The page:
The buzz about Miss Peregrine’s Home for Peculiar Children is that it falls apart in the second half, and that’s absolutely not true. It falls apart well before then.
Miss Peregrine’s Home for Peculiar Children is about Jake Portman (Asa Butterfield), a
muggle seemingly normal boy of young adult protagonist age, who’s grandfather, Abe (Terrence Stamp), is mysteriously killed. An investigation leads Jake to Wales, where he discovers a pocket of time containing Hogwarts the titular Miss Peregrine’s, a safehouse for X-men peculiar children run by Alma LeFey Peregrine (Eva Green), a horrible time witch who traps children and dooms them to relive the same day forever and never mature to adulthood. Most of the screentime is dedicated to his awkward, poorly explained love triangle with a floating girl, Emma Bloom (Ella Purnell), and a necromancer, Enoch O’Connor (Finlay MacMillan), but Peregrine also explains that Slenderman a death cult of terrifying monsters with tentacles, elongated limbs and no face lead by Mr. Barron (Samuel L. Jackson) is out to kill everyone and eat their eyes.
So, it’s a bit derivative. And horrifying.
It is woefully apparent Miss Peregrine’s was adapted from a Harry Potter knockoff, and it suffers many of the same editing problems that the weaker Harry Potter movies did. Some scenes cut off before they start to work, others go on long enough to show that they were never going to work. There’s way too much world building information and writer Jane Goldman clearly didn’t know how to wrangle it all. The movie devolves almost immediately into dull expository dialogue, and reverts to it every time a new fantasy element is introduced.
So much time is devoted to this world-building, it has none left for the characters. It doesn’t matter how imaginative a setting is. Stories aren’t about settings, they’re about the people that inhabit them. This movie reverses those priorities and suffers because of it. As backstories and motivations that I guess must have been in the book get skipped over for time and characters start doing things for no apparent reason in the movie’s later stages, it becomes more and more apparent how poorly thought out this adaptation was.
I’d love to know why they got Tim Burton for this, because he was very much the wrong choice. He’s known for his distinct approach of clean camera movement and sanitized Gothic design choices, and he falls so hard on his own personal conventions that it chokes Miss Peregrine’s off from developing its own visual style. This doesn’t look like its own movie as much as it looks like a lovechild between Edward Scissorhands and Alice in Wonderland. That’s not necessarily a bad thing, but a fresh vision would have benefited this project.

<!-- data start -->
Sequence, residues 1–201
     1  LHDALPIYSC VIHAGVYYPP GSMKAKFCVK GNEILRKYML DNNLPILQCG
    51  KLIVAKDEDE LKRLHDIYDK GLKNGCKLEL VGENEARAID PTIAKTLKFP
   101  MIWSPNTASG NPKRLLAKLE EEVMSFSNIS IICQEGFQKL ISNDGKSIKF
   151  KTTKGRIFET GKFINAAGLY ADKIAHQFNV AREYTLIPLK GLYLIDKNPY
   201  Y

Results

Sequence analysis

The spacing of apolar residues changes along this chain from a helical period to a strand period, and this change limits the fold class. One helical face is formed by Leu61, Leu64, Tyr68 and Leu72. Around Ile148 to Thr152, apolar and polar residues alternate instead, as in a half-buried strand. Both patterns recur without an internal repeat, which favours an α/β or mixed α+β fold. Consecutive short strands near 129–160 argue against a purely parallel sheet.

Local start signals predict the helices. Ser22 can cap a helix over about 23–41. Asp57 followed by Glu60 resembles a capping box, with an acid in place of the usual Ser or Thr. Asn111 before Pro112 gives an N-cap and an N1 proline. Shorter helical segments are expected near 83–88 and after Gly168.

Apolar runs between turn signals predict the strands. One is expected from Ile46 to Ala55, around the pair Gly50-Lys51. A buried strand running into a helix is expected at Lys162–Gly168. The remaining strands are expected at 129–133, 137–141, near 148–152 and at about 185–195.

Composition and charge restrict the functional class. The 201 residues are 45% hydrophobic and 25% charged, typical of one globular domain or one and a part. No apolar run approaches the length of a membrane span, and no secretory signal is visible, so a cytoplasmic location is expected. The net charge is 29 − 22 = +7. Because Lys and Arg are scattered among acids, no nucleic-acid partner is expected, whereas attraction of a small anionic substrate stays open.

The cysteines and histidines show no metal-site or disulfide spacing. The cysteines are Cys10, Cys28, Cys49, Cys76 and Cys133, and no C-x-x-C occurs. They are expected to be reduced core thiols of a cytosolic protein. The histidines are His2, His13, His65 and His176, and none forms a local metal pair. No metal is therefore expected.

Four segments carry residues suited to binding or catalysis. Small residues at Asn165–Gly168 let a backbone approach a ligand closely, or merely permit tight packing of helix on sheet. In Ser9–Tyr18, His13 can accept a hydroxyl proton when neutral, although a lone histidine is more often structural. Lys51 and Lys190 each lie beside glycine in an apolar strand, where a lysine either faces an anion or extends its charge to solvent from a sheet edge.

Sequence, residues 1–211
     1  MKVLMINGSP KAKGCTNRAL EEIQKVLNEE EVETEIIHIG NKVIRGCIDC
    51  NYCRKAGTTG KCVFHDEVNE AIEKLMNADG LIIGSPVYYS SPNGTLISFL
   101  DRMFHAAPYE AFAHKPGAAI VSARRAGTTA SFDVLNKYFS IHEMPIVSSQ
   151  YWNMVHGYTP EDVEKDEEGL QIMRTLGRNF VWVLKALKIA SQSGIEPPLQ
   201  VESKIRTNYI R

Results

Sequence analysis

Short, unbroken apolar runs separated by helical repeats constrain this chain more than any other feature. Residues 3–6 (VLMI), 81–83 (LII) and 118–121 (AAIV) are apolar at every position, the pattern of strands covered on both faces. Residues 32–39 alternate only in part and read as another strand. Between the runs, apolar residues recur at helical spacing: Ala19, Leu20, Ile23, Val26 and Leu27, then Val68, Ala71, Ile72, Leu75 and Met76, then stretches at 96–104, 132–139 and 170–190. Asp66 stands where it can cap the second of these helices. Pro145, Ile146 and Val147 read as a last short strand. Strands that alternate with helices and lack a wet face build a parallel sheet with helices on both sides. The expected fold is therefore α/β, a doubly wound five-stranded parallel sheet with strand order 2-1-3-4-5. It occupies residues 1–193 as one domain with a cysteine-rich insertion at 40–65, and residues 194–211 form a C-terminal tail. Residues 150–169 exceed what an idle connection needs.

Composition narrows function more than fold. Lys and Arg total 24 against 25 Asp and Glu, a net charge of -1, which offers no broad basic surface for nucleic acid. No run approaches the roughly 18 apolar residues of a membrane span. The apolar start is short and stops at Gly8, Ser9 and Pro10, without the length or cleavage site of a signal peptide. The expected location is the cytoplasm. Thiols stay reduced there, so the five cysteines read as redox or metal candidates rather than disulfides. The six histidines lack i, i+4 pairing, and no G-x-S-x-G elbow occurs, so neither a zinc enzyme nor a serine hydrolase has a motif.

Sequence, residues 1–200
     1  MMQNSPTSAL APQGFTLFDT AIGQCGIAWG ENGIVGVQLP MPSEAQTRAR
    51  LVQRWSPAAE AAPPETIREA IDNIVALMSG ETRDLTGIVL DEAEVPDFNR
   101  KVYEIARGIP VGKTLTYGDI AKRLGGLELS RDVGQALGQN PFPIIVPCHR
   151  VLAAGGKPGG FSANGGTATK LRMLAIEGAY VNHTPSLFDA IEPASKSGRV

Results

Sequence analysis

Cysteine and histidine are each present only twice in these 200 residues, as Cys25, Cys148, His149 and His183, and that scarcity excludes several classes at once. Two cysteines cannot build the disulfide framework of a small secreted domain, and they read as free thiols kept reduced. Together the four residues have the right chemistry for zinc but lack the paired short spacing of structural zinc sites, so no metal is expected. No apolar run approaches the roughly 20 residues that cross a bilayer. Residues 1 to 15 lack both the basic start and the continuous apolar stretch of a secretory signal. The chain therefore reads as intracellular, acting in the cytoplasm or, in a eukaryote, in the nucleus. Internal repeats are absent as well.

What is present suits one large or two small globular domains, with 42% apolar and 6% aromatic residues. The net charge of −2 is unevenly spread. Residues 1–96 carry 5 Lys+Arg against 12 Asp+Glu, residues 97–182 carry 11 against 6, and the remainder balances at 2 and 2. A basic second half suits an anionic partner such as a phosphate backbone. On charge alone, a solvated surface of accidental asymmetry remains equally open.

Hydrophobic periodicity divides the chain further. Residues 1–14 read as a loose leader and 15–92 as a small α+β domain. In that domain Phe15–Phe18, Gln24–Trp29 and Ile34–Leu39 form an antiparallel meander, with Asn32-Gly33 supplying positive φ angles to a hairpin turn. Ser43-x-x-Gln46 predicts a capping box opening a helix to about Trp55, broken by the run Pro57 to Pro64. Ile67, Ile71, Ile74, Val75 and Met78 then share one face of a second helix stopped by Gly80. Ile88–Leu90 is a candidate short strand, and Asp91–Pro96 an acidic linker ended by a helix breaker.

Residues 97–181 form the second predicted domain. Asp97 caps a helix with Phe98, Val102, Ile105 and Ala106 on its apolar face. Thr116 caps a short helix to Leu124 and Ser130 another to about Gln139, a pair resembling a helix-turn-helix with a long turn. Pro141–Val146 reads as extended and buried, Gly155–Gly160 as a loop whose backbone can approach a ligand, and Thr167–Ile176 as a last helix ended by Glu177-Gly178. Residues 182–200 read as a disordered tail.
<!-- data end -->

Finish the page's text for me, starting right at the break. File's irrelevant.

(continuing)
The apparent racism he brought to the table, though, is necessarily a bad thing, and threatens to mar his entire body of work.
The choice to avoid casting many of the book’s non-white characters is one of many strange changes to the source material. Movies don’t need to be just like the books they’re based on and never could be, but many of these creative decisions don’t seem to add anything. Bloom has fire powers in the book, for example, but swaps for Olive Elephanta’s (Lauren McCrostie) air powers for some reason. Creative liberties can reveal a lot about the intent behind adaptations and biopics, but in this case there doesn’t seem to be much intent at all.
This questionable decision making extends to some of the truly awful things the movie chooses to show. The scene of Peregrine resetting the time loop is one of the most aesthetically unsettling of the year, and there doesn’t seem to be any reason why. It’s a grand set piece in which the home almost gets bombed that features Swastikas, World War II era gas masks and a creepy phonograph being played backward. This is supposed to be a kid’s movie, isn’t it?
The weirdly scary set choices repeat later in a Frankenstein inspired scene in which Barron initially turns himself into a monster.
Miss Peregrine’s is a mess of nonsensical creative decisions, inept storytelling and scary moments that don’t fit in any way. Skip it.
Leopold Knopp is a formerly professional film critic, licensed massage therapist, intern at the Lewisville Texan Journal and journalism student at the University of North Texas. Like Reel Entropy on Facebook, follow it on Twitter @reelentropy, and shoot questions to reelentropy@.